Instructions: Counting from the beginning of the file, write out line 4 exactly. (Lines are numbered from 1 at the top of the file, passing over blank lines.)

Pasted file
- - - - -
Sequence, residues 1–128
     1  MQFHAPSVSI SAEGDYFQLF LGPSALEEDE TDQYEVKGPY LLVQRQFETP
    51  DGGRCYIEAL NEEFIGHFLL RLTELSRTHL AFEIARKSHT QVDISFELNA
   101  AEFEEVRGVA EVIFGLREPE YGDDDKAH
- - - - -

   101  AEFEEVRGVA EVIFGLREPE YGDDDKAH